The other day, I approached a street corner in Park Slope at around the same time as a mother and her young child. I overheard the mother tell her son, “You see that hand? The hand means STOP, and the man means GO!” The child repeated after her, “The hand means STOP! And the man means GO!” I paused briefly next to them, looked up 4th Street to make sure there weren’t any cars coming, and crossed against the light. I heard the little boy say behind me, “She didn’t stop! She didn’t stop with the hand!” And I heard the mother reply, “She just broke the law. You should never do that.” I thought briefly about turning around and giving the mother and child the finger, but I didn’t. That kid will learn soon enough that his mom is a jerk. It’s not really my place to speed along that process.
But so, jaywalking. Jaywalking has been in the news a lot lately for a couple of reasons, the first being the increased number of pedestrian deaths due to traffic accidents this year, including that of a nine-year-old struck and killed as he crossed the street with his father in a crosswalk. One of Bill de Blasio’s first initiatives as mayor, in fact, has been to announce his plan for “Vision Zero” which aims to reduce the number of traffic deaths in New York to, well, zero in the coming year. One of the ways that de Blasio intends to implement that plan seems to be to crack down on jaywalking, which, as we all know, has long seemed the god-given right of all New York pedestrians. Predictably, this jay-walking crackdown has caused a bit of commotion, what with the local tabloids eagerly reporting on incidents like one this week, where an 84-year-old man was allegedly beaten after he failed to understand cops ordering him to cross with the light. And New York magazine reported today that there has definitely been an increase in jaywalking tickets this year, which seems like it wouldn’t be hard to do considering that only 630 jaywalking tickets issued in all of 2013, and that “many of us probably committed 630 individual acts of jaywalking all on our own last year.”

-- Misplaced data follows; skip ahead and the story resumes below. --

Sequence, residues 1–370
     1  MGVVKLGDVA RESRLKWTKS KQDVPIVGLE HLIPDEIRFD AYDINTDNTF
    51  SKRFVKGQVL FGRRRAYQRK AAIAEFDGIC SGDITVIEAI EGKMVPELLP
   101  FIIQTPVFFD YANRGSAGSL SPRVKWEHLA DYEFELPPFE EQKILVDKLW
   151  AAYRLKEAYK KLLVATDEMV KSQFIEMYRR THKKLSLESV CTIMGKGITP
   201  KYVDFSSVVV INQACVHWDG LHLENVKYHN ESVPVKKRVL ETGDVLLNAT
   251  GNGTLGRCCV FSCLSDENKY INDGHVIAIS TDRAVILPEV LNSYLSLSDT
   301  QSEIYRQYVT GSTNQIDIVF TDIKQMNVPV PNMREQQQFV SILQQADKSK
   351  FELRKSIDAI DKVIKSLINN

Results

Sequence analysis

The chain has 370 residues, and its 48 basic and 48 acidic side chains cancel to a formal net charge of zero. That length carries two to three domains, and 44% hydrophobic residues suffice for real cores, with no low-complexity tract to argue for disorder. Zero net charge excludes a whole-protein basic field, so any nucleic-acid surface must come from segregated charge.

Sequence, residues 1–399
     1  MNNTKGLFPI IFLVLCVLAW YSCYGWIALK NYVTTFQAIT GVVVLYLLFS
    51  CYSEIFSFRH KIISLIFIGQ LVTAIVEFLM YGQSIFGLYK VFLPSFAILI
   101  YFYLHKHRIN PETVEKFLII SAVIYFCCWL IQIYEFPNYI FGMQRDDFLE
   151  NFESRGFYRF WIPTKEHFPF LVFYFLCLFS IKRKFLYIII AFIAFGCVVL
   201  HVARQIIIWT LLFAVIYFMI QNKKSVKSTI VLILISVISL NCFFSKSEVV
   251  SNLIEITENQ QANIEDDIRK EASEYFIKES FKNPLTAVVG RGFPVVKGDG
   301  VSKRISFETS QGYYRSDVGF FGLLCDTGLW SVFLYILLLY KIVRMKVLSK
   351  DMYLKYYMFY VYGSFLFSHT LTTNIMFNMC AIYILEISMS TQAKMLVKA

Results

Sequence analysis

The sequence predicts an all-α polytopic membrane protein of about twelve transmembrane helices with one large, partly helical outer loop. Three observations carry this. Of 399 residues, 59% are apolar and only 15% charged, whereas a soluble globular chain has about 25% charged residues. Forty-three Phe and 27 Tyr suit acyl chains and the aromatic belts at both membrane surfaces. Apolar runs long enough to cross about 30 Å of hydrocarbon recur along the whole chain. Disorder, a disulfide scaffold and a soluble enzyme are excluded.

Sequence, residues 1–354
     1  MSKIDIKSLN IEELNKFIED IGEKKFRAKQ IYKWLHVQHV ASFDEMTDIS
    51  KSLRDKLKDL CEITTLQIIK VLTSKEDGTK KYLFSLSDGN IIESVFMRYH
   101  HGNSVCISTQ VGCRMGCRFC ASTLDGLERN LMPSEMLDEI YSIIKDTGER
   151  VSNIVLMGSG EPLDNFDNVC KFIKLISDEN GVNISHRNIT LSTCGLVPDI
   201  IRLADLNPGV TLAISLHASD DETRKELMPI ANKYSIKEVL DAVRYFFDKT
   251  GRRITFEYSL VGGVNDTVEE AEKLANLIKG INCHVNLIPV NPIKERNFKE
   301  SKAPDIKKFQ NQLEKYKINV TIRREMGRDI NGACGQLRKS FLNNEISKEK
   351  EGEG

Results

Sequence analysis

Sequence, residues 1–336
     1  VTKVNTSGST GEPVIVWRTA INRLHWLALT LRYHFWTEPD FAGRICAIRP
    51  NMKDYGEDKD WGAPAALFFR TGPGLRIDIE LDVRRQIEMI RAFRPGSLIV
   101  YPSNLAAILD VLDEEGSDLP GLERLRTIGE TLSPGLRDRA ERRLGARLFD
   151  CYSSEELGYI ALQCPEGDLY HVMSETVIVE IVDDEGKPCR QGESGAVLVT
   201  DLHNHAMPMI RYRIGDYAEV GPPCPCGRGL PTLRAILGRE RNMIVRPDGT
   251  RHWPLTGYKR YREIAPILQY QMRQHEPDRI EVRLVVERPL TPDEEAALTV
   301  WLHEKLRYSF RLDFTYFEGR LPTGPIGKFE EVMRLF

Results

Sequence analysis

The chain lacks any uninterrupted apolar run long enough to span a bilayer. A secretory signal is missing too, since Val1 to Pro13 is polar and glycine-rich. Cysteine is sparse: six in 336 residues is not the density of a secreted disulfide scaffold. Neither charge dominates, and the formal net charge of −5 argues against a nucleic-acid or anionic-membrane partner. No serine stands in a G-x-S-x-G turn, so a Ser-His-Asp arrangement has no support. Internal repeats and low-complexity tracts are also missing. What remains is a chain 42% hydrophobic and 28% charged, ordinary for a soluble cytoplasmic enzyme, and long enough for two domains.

And yet, despite the city’s need for responsible pedestrians who respect the rules of the road and so don’t do things like (my own pet peeve) cross in the middle of the street while pushing a stroller ahead of them, as some kind of baby-filled buffer against oncoming traffic, I think this jaywalking crackdown is ridiculous. Sure, it’s important to teach young children (or their adult equivalents, people not from New York) what the hand and the man mean. But it’s even more important to teach them that their safety is actually independent from whatever is up on the sign in front of them, because—all too often in this city—motorists (and cyclists!) do not obey the rules of the road, and so it benefits pedestrians to go further than just looking for the hand or the man. After all, the majority of pedestrian-involved traffic accidents occur in crosswalks. It’s not enough to follow the law as written. You have to be better than that. So here, for all of us who need a reminder, is how to cross a street:
1) Look both ways. Even on one-way streets. Cyclists who salmon are a real, dangerous thing.
2) Make sure nothing is coming.
3) Cross the street.
4) Repeat as necessary.
Good luck out there. Even though, really, it’s not really about luck. It’s mostly about being smart. So be smart out there.
Follow Kristin Iversen on twitter @kmiversen